Second, both Robinette and Cullum argue that their convictions on counts three through nine, charging both with the unlawful manufacture of phenylacetone on seven separate occasions, must be vacated on grounds of double jeopardy. Robinette insists that these charges are all lesser-included offenses of the continuing criminal enterprise charged in count one. In addition, Robinette posits the same constitutional challenge with regard to his conviction under count twelve, a separate drug possession and distribution charge. Cullum maintains that his conviction and sentence for conspiring to manufacture and distribute methamphetamine bars his conviction and sentence for the underlying substantive drug offenses charged in counts three through nine.
To support his argument, Robinette relies solely on this court's holding in United States v. Chagra, 669 F.2d 241 (5th Cir. 1982), which, apparently unknown to Robinette, was squarely rejected by the Supreme Court in Garrett v. United States, 471 U.S. 773, 783, 105 S. Ct. 2407, 2413, 85 L. Ed. 2d 764 (1985) and by this court in United States v. Guthrie, 789 F.2d 356, 359-60 (5th Cir. 1986) (en banc). In Guthrie, we held that "predicate offenses of a continuing criminal enterprise violation are not lesser included offenses of the continuing criminal enterprise for purposes of the Fifth Amendment's Double Jeopardy Clause." Id. at 360 (footnote omitted).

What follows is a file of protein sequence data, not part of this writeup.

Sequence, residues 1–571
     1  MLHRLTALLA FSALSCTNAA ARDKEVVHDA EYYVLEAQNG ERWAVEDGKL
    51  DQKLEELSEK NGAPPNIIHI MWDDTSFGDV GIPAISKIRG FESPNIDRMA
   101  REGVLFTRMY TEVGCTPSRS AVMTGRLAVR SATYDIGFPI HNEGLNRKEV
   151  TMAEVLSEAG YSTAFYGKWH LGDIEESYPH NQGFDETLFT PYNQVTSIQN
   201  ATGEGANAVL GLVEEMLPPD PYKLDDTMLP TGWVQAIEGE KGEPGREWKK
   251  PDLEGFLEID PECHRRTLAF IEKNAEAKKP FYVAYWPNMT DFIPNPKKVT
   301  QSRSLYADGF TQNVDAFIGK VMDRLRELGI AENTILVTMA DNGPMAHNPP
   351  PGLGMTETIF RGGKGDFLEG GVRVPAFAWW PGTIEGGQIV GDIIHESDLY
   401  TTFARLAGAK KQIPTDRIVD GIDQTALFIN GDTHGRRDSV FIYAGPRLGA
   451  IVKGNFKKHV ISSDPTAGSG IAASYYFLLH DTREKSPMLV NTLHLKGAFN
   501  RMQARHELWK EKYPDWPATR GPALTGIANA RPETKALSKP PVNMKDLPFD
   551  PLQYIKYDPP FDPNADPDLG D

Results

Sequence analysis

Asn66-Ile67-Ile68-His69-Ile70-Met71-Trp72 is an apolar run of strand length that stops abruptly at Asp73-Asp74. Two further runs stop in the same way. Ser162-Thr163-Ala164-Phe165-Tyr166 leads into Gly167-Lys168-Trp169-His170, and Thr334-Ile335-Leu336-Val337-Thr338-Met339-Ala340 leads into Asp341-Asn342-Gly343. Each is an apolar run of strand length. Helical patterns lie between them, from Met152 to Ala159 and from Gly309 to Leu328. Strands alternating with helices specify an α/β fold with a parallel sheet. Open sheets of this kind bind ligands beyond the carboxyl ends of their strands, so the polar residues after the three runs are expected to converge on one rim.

Cullum argues separately that the Supreme Court's recent decision in Grady v. Corbin, 495 U.S. 508, 110 S. Ct. 2084, 109 L. Ed. 2d 548 (1990), requires us to reconsider our position on whether double jeopardy bars a conviction and sentence for both a conspiracy to commit drug offenses and the underlying substantive drug offenses on which the conspiracy is based. Cullum insists that although sentences for both statutory offenses may survive the same-offense test under Blockburger v. United States, 284 U.S. 299, 304, 52 S. Ct. 180, 182, 76 L. Ed. 306 (1932), they will not stand up under Grady 's same-conduct test. We disagree.
Grady developed an additional standard for analyzing a double jeopardy challenge in the context of successive prosecutions. Here, however, Cullum complains that he has been subjected to multiple punishments in the same prosecution for the same offense. This area is one which the Grady Court did not intend to address. See United States v. Ortiz-Alarcon, 917 F.2d 651, 653 (1st Cir. 1990) ("It is crystal clear that the Grady court intended [its new standard] to apply only to successive prosecutions ... and not to multiple punishment cases."). Under our prior precedent which, contrary to Cullum's assertions remains unchanged by the Grady decision, his multiple sentences in the instant case do not constitute double jeopardy. United States v. Levy, 803 F.2d 1390, 1397 (5th Cir. 1986) (conspiracy to commit crime and crime itself are separate offenses).